Dispatchers Go Sober in October

Updated: May 1

By Ryan Dedmon, 911 Training Institute



I was never a heavy drinker… until I started working in 911.


I grew up in a conservative family in a dry household. My parents didn’t drink; they didn’t smoke. There were not any bottles of liquor or cans of beer in our house. They didn’t order alcoholic beverages when we dined out at restaurants.


I missed the Animal House party days of drunken stupor in college. I attended a private university and was under contractual obligation not to consume any alcohol so long as I was a student at that institution. I pride myself in being a person of integrity. Since I signed my name saying I would do something, then it was important to me I honor it. My 21st birthday? I don’t even remember it. It certainly wasn’t a night out getting hammered. And that’s okay with me.


And then I started working in law enforcement.

I was immediately introduced to all sorts of coping mechanisms that employees tried to use to combat the stress of working in public-safety. Alcohol was one of many. We called it “choir practice”. People on the same shift would get off work and we would all go somewhere to drink together. I, of course, joined them for the camaraderie. But I noticed that many of them didn’t go hang out together and drink for the camaraderie. They drank to de-stress, and they drank excessively.


And then I started working in 911.


Dispatchers didn’t go to choir practice. When dispatchers got off work, it was a race to see how fast we could get home. We felt exhausted, mentally and emotionally drained from the long hours spent at work. All we wanted to do was get home, have a glass of wine, zone-out to Netflix and try to get some sleep before we had to do it all over again the next day.


Now, I have the opportunity at the 911 Training Institute to teach a lot of different training classes for dispatchers and other first-responders. Their jobs expose them to significant amounts of trauma. In class, we talk about the different things they do in their lives to manage their reactions to traumatic incidents. Without fail, alcohol consumption always comes up.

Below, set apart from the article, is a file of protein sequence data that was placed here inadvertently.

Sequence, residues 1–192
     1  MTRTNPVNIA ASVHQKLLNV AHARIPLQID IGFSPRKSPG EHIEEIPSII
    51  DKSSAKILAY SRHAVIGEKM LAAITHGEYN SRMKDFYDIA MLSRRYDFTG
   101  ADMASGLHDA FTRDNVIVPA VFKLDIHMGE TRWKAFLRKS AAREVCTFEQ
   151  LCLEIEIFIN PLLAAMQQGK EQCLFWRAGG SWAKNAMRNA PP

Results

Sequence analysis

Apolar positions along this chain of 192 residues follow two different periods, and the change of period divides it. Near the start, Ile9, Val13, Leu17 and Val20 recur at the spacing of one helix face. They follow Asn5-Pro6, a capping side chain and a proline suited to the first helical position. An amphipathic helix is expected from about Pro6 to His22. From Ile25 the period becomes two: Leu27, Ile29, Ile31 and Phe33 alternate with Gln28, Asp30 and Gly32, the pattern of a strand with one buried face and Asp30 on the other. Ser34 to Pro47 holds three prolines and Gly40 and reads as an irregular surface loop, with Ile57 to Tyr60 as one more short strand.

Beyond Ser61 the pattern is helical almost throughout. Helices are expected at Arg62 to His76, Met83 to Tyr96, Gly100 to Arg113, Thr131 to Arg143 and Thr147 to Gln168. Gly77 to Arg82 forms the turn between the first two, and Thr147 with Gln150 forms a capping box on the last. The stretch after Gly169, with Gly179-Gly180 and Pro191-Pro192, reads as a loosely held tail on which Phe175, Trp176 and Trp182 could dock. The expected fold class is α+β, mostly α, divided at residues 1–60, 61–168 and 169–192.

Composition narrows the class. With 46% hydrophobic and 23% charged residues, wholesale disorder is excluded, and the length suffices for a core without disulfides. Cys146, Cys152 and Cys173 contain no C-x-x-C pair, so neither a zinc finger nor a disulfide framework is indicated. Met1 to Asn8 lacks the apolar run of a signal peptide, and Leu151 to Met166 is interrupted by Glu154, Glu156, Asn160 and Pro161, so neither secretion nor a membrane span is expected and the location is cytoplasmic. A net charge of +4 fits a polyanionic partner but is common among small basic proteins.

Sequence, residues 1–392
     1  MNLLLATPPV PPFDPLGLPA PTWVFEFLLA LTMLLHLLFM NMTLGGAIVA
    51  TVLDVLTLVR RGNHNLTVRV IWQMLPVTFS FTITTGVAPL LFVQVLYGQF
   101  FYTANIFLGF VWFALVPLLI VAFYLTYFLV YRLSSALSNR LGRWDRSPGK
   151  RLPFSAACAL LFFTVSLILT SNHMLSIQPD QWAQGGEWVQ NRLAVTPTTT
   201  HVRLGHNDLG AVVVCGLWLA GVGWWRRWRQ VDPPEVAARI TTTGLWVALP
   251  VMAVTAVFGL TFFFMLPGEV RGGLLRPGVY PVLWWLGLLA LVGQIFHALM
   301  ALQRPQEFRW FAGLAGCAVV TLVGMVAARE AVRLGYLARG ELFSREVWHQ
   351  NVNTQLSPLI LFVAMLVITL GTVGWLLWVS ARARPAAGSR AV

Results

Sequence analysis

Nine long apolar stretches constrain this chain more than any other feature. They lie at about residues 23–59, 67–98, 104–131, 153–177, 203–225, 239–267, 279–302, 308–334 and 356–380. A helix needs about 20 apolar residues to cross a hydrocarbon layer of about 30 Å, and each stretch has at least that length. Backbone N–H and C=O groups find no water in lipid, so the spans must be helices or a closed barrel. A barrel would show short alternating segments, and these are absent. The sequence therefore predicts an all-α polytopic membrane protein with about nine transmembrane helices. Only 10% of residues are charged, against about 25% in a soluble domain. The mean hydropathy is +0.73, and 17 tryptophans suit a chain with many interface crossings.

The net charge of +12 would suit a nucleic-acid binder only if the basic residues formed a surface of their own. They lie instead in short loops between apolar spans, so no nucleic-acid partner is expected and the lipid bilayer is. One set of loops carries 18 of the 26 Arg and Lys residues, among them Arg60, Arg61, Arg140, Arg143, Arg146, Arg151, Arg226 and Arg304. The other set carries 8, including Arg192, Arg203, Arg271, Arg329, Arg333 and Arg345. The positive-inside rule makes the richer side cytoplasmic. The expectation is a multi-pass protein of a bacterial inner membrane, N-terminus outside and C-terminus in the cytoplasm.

“It’s not like I became a raging alcoholic overnight,” said one dispatcher in a recent class. “One glass of wine a night turned into three, then turned into five. I just drank to numb everything, but soon one glass wasn’t enough anymore. And soon, it felt like a necessity every night I got home from work.”


Alcohol, in and of itself, is not bad. However, it can become bad when we consume it with the specific intent to “numb” us from thoughts and feelings, especially when alcohol becomes our primary coping mechanism. Our bodies naturally build higher tolerance and then it takes more and more alcohol to produce the same effect. That’s when one glass turns into three, and so on. That excessive consumption can have devastating impacts on our personal health and wellness, particularly when it feels like it becomes a “necessity” that we MUST have every night after work.


In October, Jim Marshall and I will join Ricardo Martinez, the Founder of Within the Trenches Podcast and the IAM911 Movement, in going alcohol-free the entire month. We will do this as part of our Survive & Thrive Fit Challenge, a collaborative partnership, encouraging dispatchers, and all other first-responders, to improve overall health, wellness and their quality of life at home and work.

We are going to re-take control of our health and wellness by proving to ourselves that it is not a “necessity” for us to have a drink. It will remind us that we enjoy an adult beverage in the company of family, friends and those important to us for camaraderie, not because it is our primary coping mechanism to mitigate our reactions to stress. We invite all first-responders and public-safety professionals to join us and “Go Sober October”. If you don’t want to join, then we hope you’ll encourage all who participate.


Join the Survive & Thrive Fit Challenge Crew on Facebook: CLICK HERE.


In the meantime, hold my beer while I Go Sober in October.





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